Turn your eyes into the immoderate past,
Find there the inscrutable infantry rising,
The demons out of the earth--they will not last.
Stonewall, Stonewall, and the sunken fields of hemp,
Shiloh, Antietam, Malvern Hill, Bull Run . . .
Thus wrote Allen Tate in a poem full of strange desperate questions, his "Ode to the Confederate Dead." I remembered those lines when I came to read his sturdy, biographical narrative, Stonewall Jackson: The Good Soldier, which is prose in form but really poetic in implication. I remembered, too, an admonition he once gave me. "Our past," he said, "is all but irrecoverable." But in StonewalI Jackson he has happily contradicted himself. This book is not troubled with desperate questions. It is a triumphant, unperplexed recapture of the heroic past as represented in a great, almost legendary figure.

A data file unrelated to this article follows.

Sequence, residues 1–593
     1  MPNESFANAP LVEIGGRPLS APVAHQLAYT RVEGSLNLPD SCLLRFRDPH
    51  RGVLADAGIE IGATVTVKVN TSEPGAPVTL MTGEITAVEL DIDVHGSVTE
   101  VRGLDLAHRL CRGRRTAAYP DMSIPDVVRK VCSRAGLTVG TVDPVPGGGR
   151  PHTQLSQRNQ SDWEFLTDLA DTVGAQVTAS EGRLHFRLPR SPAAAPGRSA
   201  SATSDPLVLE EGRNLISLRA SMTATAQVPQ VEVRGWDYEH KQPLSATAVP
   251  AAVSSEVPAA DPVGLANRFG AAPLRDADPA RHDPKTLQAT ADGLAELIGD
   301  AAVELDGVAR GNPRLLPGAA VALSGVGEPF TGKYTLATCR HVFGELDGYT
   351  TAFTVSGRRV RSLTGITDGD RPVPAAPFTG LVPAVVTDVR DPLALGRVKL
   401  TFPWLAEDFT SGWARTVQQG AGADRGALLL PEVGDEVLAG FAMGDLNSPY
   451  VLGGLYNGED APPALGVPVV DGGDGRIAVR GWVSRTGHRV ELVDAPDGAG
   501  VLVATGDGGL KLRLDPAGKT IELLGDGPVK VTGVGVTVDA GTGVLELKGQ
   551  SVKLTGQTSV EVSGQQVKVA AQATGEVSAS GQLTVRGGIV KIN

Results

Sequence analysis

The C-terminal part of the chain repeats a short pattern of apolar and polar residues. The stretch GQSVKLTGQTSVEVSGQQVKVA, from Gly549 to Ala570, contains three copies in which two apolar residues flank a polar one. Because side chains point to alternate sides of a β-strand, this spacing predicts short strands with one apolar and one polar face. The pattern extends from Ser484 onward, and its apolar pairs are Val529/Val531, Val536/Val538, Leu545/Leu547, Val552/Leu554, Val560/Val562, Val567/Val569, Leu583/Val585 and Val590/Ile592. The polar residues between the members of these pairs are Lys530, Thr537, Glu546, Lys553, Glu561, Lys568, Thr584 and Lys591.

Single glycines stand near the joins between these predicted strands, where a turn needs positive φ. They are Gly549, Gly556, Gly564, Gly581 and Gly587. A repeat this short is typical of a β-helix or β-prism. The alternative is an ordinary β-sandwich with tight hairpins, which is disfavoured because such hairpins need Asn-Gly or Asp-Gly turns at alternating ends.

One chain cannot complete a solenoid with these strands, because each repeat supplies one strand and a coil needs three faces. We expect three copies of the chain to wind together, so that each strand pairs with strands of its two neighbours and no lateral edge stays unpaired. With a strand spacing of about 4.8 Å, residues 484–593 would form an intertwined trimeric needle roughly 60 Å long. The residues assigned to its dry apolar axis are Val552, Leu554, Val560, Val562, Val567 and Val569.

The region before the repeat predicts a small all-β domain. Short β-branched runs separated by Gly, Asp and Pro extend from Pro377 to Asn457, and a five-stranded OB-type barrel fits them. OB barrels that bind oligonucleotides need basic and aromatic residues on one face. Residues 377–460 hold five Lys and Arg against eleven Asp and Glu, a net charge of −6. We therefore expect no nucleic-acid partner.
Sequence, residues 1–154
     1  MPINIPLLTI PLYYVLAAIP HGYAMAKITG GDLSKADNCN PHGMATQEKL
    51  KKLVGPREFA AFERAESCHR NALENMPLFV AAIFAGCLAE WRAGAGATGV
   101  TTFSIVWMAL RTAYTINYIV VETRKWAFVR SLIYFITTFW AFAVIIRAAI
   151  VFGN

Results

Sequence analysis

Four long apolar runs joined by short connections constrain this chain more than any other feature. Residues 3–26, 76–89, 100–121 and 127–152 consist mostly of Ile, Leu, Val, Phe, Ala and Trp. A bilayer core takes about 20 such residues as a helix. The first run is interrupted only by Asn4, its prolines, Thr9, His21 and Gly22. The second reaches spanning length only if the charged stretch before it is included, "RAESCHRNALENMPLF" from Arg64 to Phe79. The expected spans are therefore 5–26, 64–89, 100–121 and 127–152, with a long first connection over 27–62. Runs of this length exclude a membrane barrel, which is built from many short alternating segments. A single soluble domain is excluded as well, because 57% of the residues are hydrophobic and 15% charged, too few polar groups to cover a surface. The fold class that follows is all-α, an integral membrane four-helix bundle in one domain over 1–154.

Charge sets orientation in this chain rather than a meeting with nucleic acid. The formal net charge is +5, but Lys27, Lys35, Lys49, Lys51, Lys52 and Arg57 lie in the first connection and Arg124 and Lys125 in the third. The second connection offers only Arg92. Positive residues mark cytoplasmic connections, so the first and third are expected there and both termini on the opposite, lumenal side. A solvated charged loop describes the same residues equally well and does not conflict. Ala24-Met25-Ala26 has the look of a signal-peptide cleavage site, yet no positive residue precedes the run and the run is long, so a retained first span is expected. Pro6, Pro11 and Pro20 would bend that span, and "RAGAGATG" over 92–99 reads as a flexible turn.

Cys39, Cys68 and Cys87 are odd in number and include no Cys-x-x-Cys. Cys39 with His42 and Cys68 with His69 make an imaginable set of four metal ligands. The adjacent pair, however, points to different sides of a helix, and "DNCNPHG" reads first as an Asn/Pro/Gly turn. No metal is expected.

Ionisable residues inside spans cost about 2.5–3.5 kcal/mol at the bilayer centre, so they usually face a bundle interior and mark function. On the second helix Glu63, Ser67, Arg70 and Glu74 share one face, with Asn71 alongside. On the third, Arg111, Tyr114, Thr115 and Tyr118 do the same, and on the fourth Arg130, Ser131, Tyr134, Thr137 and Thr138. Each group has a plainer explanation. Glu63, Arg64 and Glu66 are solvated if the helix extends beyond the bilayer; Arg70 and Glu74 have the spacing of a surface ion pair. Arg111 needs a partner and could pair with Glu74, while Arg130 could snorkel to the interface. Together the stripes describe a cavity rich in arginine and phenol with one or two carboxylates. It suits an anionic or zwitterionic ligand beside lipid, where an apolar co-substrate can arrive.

But how is this? There is a certain surprise in this book. Nobody would have dreamed that Allen Tate's first volume would be a narrative about Stonewall Jackson. He was one of the leading spirits of the Fugitive group of Nashville poets, who at first could not be easily related to the older Southern tradition. In his own poetry he followed a difficult modern path. Later he went to New York and made his mark as one of the most brilliant critics there; in thoroughness and disinterestedness, in fact, he stands practically alone. One would think him more concerned about the French Symbolists, say, than the battle of Chancellorsville. Is he, then, playing a trick on us?
Not so! Somewhere he has found that the past is not only possible of recovery. It must be recovered, else we are lost